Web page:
Fred Anderson said his friend Terry Tyler of Tyler Ice Company in Tyler donated all the bulk ice he could get. An oyster processing facility near Smith Point has offered to store the ice, and other donations are slowly trickling in.

Members of the community have taken it upon themselves to start helping their neighbors, even if there's little they can really do.

"I'm not blaming anybody, but I think we've been overlooked," Anderson said of promised state and federal aid.

A situation report Monday from Chambers County Emergency Management said they were "waiting on state resources consisting of food, water and ice.

"They say they are on the way, but we have only received one truck and it went fast," wrote Chambers County Emergency Management Coordinator Ryan Holzaepfel.

Chambers County, on the east side of Galveston Bay, was hard hit by the storm, which left at least 10 people dead across the state.

"Ike was pretty much an equal opportunity disaster. In other words, destruction happened from one end of the county to the other," Holzaepfel's report said.

Elsewhere in the county, the small town of Oak Island was devastated, as were the communities of Port Bolivar and Crystal Beach on the Bolivar Peninsula, adjacent to Chambers County.

"Oak Island is the community which we have seen the most extensive damage, and by that I mean the entire community was almost completely destroyed," the emergency management coordinator wrote. "Most of the houses are completely gone and by that I mean they actually are not there."

Fred Anderson said there's nowhere in Smith Point for people to stay, but residents are coming back to see the damage for themselves.

"You can't tell people there's nothing, not to come," he said. "They've got to see it for themselves."

To help his neighbors get an idea of what they were facing, Fred Anderson also submitted pictures on CNN's iReport.

His note accompanying them said they were of "an overlooked location of Hurricane Ike's devastation. Photos are for neighbors and friends to see the condition of their community."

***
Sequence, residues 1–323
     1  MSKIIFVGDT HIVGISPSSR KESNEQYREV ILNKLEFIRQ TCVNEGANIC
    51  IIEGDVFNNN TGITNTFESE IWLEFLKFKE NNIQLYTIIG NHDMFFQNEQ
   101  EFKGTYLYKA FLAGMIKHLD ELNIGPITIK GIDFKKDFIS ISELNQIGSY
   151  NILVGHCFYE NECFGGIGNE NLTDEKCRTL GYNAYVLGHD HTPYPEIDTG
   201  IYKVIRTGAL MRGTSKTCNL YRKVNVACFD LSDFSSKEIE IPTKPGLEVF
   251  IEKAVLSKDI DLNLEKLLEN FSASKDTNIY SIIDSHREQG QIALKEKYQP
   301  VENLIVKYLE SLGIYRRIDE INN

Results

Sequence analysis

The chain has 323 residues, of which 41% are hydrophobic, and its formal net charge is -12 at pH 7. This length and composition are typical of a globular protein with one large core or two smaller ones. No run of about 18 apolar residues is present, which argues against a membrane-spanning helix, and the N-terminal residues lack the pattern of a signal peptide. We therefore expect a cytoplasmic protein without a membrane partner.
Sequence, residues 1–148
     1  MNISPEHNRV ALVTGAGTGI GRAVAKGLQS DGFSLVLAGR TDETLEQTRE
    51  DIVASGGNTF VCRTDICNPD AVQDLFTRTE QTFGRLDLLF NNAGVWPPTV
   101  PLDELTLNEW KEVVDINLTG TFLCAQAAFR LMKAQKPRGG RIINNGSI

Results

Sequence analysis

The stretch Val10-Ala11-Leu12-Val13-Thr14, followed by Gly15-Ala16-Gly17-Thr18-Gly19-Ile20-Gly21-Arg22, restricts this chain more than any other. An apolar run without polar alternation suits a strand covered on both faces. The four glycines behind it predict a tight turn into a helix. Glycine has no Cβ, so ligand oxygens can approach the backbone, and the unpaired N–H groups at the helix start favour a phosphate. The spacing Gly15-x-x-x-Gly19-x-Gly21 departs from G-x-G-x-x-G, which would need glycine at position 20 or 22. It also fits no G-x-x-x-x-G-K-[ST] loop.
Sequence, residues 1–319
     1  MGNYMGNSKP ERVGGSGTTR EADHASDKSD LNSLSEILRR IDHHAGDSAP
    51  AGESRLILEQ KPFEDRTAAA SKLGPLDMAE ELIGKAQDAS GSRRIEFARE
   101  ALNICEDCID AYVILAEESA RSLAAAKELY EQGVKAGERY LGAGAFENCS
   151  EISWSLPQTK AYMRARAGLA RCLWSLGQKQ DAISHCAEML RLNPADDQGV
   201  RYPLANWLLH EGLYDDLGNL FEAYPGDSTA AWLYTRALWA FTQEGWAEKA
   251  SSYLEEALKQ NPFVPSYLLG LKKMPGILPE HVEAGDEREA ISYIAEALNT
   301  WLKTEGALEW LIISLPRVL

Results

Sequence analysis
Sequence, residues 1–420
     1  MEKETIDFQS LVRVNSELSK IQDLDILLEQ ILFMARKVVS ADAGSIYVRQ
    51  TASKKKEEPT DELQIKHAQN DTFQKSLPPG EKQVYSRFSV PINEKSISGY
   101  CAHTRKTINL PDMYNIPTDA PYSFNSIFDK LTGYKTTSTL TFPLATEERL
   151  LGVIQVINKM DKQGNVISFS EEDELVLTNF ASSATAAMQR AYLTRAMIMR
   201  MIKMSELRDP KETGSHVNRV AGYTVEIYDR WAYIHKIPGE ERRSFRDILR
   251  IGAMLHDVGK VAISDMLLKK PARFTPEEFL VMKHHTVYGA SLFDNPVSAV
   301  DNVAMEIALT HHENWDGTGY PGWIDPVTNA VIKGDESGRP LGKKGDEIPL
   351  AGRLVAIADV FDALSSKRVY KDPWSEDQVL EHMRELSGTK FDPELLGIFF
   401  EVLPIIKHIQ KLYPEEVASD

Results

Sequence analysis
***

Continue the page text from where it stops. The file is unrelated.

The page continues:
One picture shows a flat concrete slab where a home used to stand. Other images show yards covered with boards and wires -- strewn about as if exploded by a bomb.

Many of the homes in the town were built on stilts that are enclosed by walls to form garages or even bedrooms.

Of the few structures still standing, barely any of the ground-floor enclosures remained -- the bare stilts a testament to the storm's fury.

"Our house lost the entire bottom floor, including walls, furniture, appliances etc. and we have no idea where anything went. No steps either," Jennifer Nash Anderson wrote in her iReport. "The Ludlums' house has completely disappeared as well as the Heeley's and the Jones'.

"The Pickett's home was extremely damaged, sitting on pilings at a 45 degree angle, no steps, stairs nor garage left. Dennis Gurlock's home has extensive damage to it -- maybe non-repairable. Sally has lost her downstairs and roof-extensive damage. Any enclosed areas downstairs throughout [the subdivision of] Little Baytown were completely lost."

Her husband tried to get into the Hartman subdivision, she wrote, but "was unable to do so because the street had a hole in it and debris covered the road.


"However, he heard from someone at the Point who made it in that Donna and Norman's house was intact for the most part. Unfortunately his next door neighbor's house and Joann Brenek's house had extensive damage.

"Texico Road to Igrid subdivision was too flooded to view houses, however, some folks who went by boat said Kenny lost his new pier," Anderson reported.